Two sides to Croatia’s tourism: Breaking records vs. decreasing rentability

Two sides to Croatia’s tourism: Breaking records vs. decreasing rentability

In Croatia, tourism is perceived as a successful industry. Each year, records are broken in terms of arrivals and overnights, owners of the more luxurious apartments for rent on the country’s coast are buying apartments in Zagreb after nearly every season, and wages paid to chefs and waiters during the tourism season equal those of the middle management in traditional industries. Furthermore, tourism accounts for a fifth of the country’s economy, and this year, the sector in question posted a turnover of over EUR 10 billion.

Nonetheless, there are two sides to Croatia’s tourism industry. In addition to the side reflected in nominal consolidated figures, the country’s tourism also has a flip side that demonstrates all the inefficiencies of managing both capacity and space. Croatia’s tourism has the lowest accommodation occupancy rate in the Mediterranean and the most unfavorable accommodation capacity structure, with more than half of all the beds in private accommodation, while hotel and campsite capacity accounts for just over a third of the total accommodation capacity. At the same time, there have been only a handful of greenfield investments in hotels over the past 20-odd years. Perhaps the best example of the state the country’s tourism industry is in is the fact that, during the past two peak seasons, more precisely in July and August, every third bed in private accommodation was empty.

All those who understand the tourism business know that without good-quality hotel capacity and large tourism companies, there is no sustainable development of the tourist destinations, i.e. higher value-added tourism. The answer to the eternal question of how to develop a tourism industry that is more than just the sun and the sea is quite simple – we need to attract serious investments in the hotel capacity that we sorely lack.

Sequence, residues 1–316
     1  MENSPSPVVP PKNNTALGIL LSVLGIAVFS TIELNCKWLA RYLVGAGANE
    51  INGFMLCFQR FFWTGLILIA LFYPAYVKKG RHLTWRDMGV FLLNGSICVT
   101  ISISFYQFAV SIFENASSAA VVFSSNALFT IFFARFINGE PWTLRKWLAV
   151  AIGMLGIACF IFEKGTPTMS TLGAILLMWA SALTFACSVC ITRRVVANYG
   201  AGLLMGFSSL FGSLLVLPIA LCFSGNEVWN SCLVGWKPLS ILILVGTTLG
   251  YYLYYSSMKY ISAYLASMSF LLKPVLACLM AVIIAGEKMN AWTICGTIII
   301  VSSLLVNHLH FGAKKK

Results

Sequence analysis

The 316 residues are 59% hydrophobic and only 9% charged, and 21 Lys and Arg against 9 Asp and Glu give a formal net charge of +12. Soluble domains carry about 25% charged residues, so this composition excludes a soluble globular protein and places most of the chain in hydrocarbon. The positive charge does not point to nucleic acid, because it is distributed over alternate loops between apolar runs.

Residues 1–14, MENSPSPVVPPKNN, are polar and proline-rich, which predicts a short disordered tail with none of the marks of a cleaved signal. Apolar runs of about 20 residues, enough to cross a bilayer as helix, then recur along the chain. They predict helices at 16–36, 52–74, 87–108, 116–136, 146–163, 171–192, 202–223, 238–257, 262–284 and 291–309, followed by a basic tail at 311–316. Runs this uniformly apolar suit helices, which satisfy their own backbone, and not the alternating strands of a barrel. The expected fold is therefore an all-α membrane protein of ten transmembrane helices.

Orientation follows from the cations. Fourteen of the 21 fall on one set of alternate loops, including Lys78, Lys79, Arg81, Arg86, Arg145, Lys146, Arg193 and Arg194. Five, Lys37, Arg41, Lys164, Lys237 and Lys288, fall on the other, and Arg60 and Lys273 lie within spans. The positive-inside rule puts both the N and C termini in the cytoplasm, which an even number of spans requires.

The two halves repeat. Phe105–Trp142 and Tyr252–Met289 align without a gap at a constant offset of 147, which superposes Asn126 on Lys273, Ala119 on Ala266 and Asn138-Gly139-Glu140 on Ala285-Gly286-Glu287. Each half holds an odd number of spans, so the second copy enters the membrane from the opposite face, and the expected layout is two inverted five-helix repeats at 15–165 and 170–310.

For the past year and a half, since the founding of HUT as the umbrella organization for the country’s tourism sector, we have been raising the awareness among the media, various experts and general public about the flip side of the Croatian tourism and the necessary changes we need to make to utilize the potential of our tourism sector.

In the latest edition of Turistički impuls Q4, a magazine published quarterly and presented to all the stakeholders in the tourism industry and the media by HUT, we provided an overview of the last tourism season’s results – results that investors in tourism focus on. We saw the following outcome: Last season, Croatia’s largest tourism companies posted a slight drop in profitability and a substantial drop in rentability. The companies’ rentability, showing the profit made over that particular period as compared to the total engaged assets, went down by more than 10 percent in a single year to the extremely low 7.9 percent. The average rentability rate in the Mediterranean is between 10 and 12 percent, which means that investors considering where to invest will immediately dismiss Croatia as one of their options.

Instead of heaving theoretical economic debates, discussing whether the share of tourism in the country’s GDP is “too large”, we should acknowledge our reality and the fact that tourism is still one of our few industries that have the potential to grow and develop further. And that is something we should make good use of.

Furthermore, the government has finally recognized the main issues here. Lowering the VAT rate on certain tourism services, starting with next year, is merely a band-aid solution that will stabilize the situation in the tourism business to a certain extent; however, to achieve a serious shift for the better in the business environment, we will need to make a more significant step forward. Croatia still has the region’s highest VAT rate on tourism services, as well as a number of additional levies and charges, and investment obstacles that make us even more non-competitive.

Next year, we will continue to work alongside HUT to highlight these issues in different ways and formats. As for the first year and a half of our cooperation, we can safely say it has been a major success – in addition to lowering the VAT rate on some of the tourism services, we have managed to get much higher foreign employment quotas in the tourism industry, and launched a change in the model for importing foreign labor, which has become a critical factor in continuing the development of tourism in the country.

Those are the two turning points for the tourism industry; however, we still have a lot of work before us!